California Company Saves Eight Hospitals from Permanent Closure over 10 Years

MODESTO, CALIFORNIA – While an estimated 20% of California hospitals lie at the brink of closure, one
California company has been quietly bringing struggling hospitals back to life, to the relief of their employees and communities.

Modesto-based American Advanced Management, a for-profit company, has revitalized eight hospitals in the past 10 years under a variety of structures, such as management services agreements, lease-to-purchase options and acquisitions. The company then provides centralized support and expands services as appropriate so that the hospitals gain system advantages while localizing operations for their communities.

Glenn Medical Center

“We were 24 hours from closing our doors when American Advanced Management came in,” says Traci Torres, business services manager for Glenn Medical Center and now leader of regional admissions and registration for Glenn and Colusa hospitals in Northern California.

It was 2018, and staff members were feeling busy when their 25-bed hospital had five inpatients in the house. Annual wage increases were nonexistent then, hiring freezes were common and departments were reducing staff to keep the hospital afloat.

The financial straits also made ordering supplies difficult for Lab Director Becky Smith. “When I tried to place my orders, it was always a challenge because we were placed on credit holds. I had to be creative to get what we needed.”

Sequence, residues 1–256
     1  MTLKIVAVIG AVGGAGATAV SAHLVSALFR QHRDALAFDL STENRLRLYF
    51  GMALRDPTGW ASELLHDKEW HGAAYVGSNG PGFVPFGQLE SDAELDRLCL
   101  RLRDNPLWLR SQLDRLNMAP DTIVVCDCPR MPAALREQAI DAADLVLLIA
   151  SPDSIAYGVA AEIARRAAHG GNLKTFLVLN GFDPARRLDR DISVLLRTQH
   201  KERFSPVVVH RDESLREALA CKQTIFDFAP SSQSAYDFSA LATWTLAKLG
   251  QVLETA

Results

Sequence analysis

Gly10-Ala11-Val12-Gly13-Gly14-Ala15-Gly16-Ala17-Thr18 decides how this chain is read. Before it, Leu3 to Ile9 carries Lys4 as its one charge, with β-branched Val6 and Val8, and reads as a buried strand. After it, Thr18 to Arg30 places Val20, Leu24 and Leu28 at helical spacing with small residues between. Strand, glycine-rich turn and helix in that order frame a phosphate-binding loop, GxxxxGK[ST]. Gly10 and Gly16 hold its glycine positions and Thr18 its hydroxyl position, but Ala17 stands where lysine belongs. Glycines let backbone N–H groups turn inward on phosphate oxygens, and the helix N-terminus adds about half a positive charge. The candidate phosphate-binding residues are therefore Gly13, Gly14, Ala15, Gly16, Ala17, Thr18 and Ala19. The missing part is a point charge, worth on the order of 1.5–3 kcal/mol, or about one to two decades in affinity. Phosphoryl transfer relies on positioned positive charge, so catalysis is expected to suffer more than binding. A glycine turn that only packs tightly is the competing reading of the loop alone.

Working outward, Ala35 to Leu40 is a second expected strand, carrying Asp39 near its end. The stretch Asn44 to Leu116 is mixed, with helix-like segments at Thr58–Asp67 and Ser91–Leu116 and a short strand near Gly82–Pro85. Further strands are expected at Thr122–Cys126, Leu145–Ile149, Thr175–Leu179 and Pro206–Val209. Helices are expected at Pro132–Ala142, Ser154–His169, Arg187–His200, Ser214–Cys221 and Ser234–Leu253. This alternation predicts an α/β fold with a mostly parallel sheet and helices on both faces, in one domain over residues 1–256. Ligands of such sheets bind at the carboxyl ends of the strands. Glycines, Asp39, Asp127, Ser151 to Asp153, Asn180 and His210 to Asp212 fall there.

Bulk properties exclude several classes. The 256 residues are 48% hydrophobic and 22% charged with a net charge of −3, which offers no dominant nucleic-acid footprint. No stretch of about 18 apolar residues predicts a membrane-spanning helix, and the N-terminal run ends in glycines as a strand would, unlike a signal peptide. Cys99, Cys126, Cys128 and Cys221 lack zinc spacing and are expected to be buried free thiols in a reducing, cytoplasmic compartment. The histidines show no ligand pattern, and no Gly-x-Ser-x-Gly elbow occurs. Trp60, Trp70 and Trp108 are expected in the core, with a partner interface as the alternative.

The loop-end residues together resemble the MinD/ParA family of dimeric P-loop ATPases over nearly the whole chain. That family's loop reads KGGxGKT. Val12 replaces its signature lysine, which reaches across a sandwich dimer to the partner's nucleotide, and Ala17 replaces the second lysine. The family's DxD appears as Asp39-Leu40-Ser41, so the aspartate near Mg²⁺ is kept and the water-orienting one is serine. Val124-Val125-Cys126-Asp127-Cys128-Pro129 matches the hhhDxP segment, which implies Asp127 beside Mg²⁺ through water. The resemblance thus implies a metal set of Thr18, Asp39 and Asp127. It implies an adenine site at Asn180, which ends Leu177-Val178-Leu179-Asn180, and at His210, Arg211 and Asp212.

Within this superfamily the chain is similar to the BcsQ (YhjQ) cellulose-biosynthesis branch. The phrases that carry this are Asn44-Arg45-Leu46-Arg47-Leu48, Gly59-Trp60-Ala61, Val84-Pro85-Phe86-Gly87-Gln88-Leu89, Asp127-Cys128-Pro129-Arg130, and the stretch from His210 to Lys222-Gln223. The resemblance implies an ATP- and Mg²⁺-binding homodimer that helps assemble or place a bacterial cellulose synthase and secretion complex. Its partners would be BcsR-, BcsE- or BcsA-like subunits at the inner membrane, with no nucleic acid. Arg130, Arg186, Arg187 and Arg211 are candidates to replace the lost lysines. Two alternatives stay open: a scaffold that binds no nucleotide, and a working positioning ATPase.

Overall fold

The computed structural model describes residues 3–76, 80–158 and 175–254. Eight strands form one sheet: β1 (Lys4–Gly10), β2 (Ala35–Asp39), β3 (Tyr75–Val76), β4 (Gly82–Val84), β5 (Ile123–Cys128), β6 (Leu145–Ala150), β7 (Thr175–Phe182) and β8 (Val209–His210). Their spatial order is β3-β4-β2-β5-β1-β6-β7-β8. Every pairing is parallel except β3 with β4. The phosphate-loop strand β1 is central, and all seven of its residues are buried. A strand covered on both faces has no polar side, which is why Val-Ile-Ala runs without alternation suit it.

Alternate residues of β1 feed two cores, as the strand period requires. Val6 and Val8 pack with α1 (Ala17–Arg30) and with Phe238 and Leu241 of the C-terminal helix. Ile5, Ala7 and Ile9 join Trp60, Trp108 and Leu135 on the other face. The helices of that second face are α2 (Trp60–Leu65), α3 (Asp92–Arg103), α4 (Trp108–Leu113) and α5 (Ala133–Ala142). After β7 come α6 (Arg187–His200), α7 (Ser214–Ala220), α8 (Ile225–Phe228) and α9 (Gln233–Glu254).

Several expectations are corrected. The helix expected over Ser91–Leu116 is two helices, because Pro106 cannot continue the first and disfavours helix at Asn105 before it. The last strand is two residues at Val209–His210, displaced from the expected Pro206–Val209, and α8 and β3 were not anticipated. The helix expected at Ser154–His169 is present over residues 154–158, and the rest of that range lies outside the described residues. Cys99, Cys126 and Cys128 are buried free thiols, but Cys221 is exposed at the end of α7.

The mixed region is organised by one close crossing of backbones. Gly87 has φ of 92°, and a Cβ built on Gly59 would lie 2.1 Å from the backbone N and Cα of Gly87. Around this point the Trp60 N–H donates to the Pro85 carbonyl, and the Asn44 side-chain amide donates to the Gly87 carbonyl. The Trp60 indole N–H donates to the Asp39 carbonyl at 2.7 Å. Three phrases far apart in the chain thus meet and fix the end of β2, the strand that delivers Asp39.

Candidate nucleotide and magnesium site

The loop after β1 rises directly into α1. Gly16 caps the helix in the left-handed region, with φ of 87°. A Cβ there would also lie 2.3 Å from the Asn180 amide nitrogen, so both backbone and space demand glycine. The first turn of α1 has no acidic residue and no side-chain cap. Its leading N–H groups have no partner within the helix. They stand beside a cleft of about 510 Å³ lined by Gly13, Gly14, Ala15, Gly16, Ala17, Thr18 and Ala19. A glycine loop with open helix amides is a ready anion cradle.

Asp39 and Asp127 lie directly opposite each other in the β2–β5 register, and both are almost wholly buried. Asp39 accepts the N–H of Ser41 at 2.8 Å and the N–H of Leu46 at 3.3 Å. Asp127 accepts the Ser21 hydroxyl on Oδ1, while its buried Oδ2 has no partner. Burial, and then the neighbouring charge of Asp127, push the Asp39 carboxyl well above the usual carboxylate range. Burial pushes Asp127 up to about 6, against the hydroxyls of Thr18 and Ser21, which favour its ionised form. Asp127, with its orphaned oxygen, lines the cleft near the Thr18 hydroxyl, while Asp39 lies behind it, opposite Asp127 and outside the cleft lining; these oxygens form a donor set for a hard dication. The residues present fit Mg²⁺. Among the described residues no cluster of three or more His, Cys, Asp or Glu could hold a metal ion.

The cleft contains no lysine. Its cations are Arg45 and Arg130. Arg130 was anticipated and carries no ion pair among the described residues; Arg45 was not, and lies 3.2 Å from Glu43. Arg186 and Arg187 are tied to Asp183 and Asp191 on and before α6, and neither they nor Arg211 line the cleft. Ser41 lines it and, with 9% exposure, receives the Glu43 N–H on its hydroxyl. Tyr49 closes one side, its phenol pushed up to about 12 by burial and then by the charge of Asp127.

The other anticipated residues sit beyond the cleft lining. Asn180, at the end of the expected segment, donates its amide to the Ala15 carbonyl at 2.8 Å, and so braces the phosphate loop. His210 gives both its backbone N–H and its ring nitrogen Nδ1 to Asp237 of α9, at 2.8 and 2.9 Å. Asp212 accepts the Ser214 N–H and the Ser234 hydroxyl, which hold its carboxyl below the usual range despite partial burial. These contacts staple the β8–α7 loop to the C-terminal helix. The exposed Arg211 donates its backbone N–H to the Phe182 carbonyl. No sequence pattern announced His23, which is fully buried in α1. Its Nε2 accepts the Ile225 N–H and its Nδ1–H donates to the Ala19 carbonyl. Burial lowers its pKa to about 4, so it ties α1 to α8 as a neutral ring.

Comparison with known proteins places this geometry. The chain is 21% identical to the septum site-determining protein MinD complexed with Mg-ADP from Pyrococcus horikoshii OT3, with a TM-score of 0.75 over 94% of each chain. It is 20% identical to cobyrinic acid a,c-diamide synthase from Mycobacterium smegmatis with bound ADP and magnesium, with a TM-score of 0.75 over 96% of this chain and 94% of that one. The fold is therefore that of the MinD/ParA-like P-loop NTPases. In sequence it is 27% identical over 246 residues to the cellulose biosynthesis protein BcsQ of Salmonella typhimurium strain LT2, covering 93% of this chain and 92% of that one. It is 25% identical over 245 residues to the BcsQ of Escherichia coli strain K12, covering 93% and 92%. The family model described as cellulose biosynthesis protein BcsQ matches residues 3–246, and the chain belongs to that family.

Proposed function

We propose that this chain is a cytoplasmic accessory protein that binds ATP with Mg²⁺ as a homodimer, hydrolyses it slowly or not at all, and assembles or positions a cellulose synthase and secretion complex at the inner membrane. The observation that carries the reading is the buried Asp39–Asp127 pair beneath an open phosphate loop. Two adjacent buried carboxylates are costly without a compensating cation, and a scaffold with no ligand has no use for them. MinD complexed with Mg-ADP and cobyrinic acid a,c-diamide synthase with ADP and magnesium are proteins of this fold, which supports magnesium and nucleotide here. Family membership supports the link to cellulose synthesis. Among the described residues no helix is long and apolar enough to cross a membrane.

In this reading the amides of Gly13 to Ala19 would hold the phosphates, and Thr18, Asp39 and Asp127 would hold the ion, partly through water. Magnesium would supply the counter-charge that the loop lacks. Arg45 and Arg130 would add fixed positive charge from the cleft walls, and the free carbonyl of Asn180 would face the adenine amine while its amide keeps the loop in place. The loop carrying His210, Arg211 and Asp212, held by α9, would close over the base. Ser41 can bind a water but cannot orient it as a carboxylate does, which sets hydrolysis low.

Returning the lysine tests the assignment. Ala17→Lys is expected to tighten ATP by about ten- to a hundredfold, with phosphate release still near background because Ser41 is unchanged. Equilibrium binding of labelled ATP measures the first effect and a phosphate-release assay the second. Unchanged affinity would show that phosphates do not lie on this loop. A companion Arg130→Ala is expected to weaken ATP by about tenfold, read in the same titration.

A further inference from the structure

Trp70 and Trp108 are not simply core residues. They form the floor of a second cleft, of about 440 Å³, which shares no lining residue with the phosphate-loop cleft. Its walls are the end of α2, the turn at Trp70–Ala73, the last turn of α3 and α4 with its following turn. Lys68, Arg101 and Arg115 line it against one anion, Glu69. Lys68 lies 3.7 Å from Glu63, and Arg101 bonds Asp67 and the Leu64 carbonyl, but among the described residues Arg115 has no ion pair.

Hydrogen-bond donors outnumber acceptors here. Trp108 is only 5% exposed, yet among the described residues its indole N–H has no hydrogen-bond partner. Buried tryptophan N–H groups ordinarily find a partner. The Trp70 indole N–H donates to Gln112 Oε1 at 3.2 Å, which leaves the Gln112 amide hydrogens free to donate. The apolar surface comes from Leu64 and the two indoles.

Employees were becoming increasingly aware of the financial issues, and “we were losing a lot of good
people,” Smith says. “They were tired of all the challenges.” 

At the time, Becky Smith was also helping out at Colusa Medical Center, which American Advanced was
preparing to reopen, a herculean project that requires numerous steps and hurdles to receive licensing by the local, state and federal agencies governing the many hospital functions.

She finally put her notice in at Glenn. As much as she loved the hospital, she just couldn’t see a future there due to the flood of debt.

But then she started noticing some familiar Advanced American faces in her hospital’s hallways, she recalls. “I saw that Noah’s ark was right outside,” and she decided to stay.

Five years later, Glenn Medical Center cares for 20 to 30 inpatients a day, and census is consistently 90% to 100% of capacity. Hospital staff receive wage increases every July. The facility has been painted, and the worn, old carpet in the nursing units has been replaced with shiny vinyl floors that look like wood. The hospital’s clinics have new urology, neurology and podiatry specialists to care for local community members, keeping radiology services busier. Leaders and staff also track patient quality and safety metrics more closely as well.

Saving a Hospital Saves Lives

American Advanced team members are passionate about revitalizing hospitals because their work brings hope for employees, physicians and communities and strengthens the local economy.